Analysis Results

Introduction

The Scale Analyzer application provides the user with a substantial volume of information concerning how one might play various Scales on the standard tuned Resonator Guitar. This section presents a summary of that information. Because the standard tuning is a G chord, certain Keys will naturally be easier to use. The Keys have been grouped into Categories based on similarities of their Major Scales and how those Scales apply to the Resonator Guitar. A discussion of the characteristics of each Category is presented.

Each of the twelve Keys is also discussed individually as to it's strengths and weaknesses. The information is a summary of the findings of the Scale analysis so far. The discussion for the selected Key in the Analyzer Frame can be displayed in this window by clicking the "Key" link (label of the Key Selection Option).

All opinions expressed in this section are purely those of the Author based on limited experience and expertice.

Key Categories

The results of analyzing the Fretboard of the Resonator Guitar suggests that the Major Scales of the twelve Keys fall into four Categories:

These Categories represent a recommended prioritization of Major Scales to be learned for new players or experienced players that are expanding their approach. For serious players, Category I Keys should be a minimum set, and Categories II and III are recommended. The Keys in Category IV can make little or no eploitation of open Notes. If a player wishes to play in these Keys (without a capo), it is necessary to develop skill playing in Closed Positions. More detailed information about each Key Category is presented below.

Category I: The G Group

This Category includes the Keys of G, D, and C. It is recommended that one become very familiar with the Scales of each of these Keys. Then, with the use of a capo, all of the remaining 9 Keys are easily accessible.

G is the easiest Key on the standard tuned Resonator Guitar, because of the tuning. D and C are closely related to G, being the V and IV chords in the Key of G. The Scales for D and C each differ from the G Scale by only one Note. Use of the Open Position is easy for each of these Keys, especially for C which only spans the first three frets (versus 4 for G and D).

The Scale for each of these Keys contains all of the open Notes, which make them ideal for Melodic Technique. The Melodic Technique for G, D, and C only involve one Closed Move per octave. This allows many tunes to be played played without the need for any Closed Moves. These open Notes are very convenient for shifting from the Open to Closed Positions. Also, when playing in Closed Positions, open Notes can often be used to avoid some bar movement, where the player is not overtly using a Melodic Technique.

Category II: Key of A

The Key of A is in a cateory by itself on the stardard tuned Resonator Guitar, and is recommended for the serious player. A Major is relatively easy, with the primary difficulty being the need to avoid the open G Note. The most closely related Keys are D and E, but D Major has much more in common with the Key of G, and E is among the most difficult Keys.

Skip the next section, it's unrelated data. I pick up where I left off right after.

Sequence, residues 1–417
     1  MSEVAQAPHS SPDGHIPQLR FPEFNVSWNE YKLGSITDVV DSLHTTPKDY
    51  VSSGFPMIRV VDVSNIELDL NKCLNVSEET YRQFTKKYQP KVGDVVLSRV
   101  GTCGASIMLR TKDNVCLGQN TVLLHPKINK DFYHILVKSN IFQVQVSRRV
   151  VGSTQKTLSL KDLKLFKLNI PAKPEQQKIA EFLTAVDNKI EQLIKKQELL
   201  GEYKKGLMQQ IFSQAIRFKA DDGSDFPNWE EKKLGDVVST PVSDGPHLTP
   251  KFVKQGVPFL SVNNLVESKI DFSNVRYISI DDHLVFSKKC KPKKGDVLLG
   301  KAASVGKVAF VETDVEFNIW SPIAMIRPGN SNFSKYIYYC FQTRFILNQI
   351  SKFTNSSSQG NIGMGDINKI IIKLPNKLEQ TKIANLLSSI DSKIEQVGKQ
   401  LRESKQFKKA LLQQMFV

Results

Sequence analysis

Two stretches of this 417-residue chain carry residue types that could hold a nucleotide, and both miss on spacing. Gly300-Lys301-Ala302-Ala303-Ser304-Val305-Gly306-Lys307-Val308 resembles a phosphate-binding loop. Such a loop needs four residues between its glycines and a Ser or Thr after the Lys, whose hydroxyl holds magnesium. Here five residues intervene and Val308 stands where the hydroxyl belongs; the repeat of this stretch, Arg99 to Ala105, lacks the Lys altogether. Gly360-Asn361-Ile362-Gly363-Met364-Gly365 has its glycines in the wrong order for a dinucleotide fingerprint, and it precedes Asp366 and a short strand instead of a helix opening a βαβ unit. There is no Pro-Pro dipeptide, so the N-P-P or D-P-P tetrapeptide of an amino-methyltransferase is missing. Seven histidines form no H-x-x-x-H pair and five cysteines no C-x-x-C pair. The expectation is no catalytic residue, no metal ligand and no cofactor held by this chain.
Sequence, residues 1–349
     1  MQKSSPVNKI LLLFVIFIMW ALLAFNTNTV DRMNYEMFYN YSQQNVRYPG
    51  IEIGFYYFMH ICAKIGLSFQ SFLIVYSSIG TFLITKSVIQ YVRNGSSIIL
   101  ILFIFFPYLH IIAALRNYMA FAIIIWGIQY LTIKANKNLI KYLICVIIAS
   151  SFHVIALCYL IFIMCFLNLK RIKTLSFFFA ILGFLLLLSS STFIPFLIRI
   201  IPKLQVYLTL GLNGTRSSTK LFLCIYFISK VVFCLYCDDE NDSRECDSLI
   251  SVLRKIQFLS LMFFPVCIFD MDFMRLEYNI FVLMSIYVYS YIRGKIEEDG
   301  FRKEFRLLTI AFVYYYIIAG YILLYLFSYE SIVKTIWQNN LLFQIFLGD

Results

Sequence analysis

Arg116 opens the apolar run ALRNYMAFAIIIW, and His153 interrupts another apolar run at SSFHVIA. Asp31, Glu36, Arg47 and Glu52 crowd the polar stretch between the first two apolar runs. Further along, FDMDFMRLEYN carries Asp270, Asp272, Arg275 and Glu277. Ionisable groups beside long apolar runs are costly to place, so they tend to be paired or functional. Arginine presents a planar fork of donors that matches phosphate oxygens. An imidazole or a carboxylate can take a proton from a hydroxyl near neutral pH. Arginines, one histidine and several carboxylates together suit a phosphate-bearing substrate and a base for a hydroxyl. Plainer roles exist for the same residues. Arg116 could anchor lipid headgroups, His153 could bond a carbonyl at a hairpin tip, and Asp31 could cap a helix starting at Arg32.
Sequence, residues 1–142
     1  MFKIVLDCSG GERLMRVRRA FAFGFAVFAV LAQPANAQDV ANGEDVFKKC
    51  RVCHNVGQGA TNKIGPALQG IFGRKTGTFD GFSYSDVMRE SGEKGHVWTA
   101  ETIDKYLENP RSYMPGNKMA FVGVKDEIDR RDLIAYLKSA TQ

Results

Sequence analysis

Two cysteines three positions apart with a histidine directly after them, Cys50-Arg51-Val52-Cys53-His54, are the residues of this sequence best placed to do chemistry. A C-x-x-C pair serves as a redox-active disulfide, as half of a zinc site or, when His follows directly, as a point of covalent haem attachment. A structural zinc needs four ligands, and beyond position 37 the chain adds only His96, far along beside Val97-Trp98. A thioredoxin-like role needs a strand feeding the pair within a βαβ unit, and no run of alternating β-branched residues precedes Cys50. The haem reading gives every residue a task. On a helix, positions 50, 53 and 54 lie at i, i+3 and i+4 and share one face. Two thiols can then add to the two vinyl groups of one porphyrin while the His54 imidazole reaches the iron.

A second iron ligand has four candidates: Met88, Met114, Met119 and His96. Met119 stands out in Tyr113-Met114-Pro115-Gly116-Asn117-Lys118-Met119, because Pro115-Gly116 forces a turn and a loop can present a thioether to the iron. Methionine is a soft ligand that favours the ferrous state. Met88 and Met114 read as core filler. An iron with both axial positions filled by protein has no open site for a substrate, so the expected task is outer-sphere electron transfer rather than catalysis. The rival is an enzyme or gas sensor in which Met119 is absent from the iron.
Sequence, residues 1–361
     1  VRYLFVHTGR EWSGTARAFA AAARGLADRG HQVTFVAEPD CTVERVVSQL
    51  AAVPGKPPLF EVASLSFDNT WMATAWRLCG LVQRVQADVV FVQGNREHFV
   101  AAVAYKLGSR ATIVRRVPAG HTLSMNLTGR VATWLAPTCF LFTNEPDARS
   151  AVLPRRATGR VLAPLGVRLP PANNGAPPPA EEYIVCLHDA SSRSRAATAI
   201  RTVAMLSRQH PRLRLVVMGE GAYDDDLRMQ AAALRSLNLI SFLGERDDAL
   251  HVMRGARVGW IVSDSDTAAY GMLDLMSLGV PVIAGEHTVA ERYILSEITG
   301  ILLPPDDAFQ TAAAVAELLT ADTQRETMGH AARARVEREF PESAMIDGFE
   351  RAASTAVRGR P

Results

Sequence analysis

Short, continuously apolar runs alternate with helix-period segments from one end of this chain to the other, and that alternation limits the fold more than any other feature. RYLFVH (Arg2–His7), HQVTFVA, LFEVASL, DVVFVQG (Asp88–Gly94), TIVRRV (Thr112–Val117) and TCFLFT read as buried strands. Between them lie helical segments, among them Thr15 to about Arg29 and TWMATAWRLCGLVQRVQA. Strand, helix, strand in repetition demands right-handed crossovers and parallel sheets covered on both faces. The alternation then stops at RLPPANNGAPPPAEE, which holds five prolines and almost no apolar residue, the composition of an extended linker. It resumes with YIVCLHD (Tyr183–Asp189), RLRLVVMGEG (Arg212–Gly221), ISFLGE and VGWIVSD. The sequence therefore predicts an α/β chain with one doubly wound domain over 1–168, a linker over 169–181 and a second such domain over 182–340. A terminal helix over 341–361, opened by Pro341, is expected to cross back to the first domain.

The Scale for A contains the open B and D Notes, which allows use of Melodic Technique. The Melodic Technique for A requires 3 Closed Moves per octave. Many tunes in A can be simplified by inclusion of Melodic Moves, and the open Notes are convenient for shifting from the Open to Closed Positions. Also, when playing in Closed Positions, open Notes can often be used to avoid some bar movement, where the player is not overtly using a Melodic Technique.

Category III: The Bb Group

This Category includes the Keys of Bb, F, and Eb. For a player who would like to make limited use of a capo, it is recommended that one become familiar with the Scales of these Keys.

F and Eb are closely related to Bb, being the V and IV chords in the Key of Bb. The Scales for F and Eb each differ from the Bb Scale by only one Note. The Open Position is difficult but playable for each of these Keys, since each Scale only spans the first three frets, and there are two open Notes. The primary difficulty is the need to avoid the open B Note.

The Scale for each of these Keys contains the open G and D Notes, but use of Melodic Technique is awkward. The open Notes are helpful for playing in Open Position and for shifting from the Open to Closed Positions.

Category IV: The Closed Position Group

This Category includes the Keys of B, Db, E, F#,and Ab. Each of these Keys includes one open Note except Db, which includes none. The open Notes do not provide much advantage. Practicing Scales using the Open Position for these Keys is useful for strengthening ones playing. In practice, playing in these Keys is most effectively done by using Closed Positions, or by capoing to an easier Open Position.

Keys

In this section, a discussion for each of the twelve Keys is presented. Each discussion includes a rating of the difficulty of playing the Major Scale for the given Key, which will be one of the following: Easiest, Easy, Relatively Easy, Difficult, Very Difficult, and Most Difficult. These are meant only as a means of ranking, so no inference should be made from the choice of words (a 1-6 rating would have worked just as well). Reasons for the ratings are also presented.

For each Key, the six Modes (in other Keys) that draw from the Notes in its Major Scale are identified. These are linked to the appropriate section for discussion of the Mode, if they are recommended for use.

Also for each Key, recommended Modes of the Key are discussed, when such exist.

Key of A

A Major: Relatively Easy Key, Category II. The open B and D Notes are in the A Major Scale (2nd and 4th). When playing in the Open Position, the primary difficulty is the need to avoid the open G Note, and the 3 fret Closed Move between the 6th and 7th (F# - G#). When the 7th is not required, there is still the difficult sequence of the 5th - 6th - Root, which requires two consecutive Closed Moves. For melodies that do not require some of these moves or for which they can be left out, A is often easier to play in than G. For melodies that do not require the natural 7th, but use the minor 7th (7-), one might consider playing in A Mixolydian.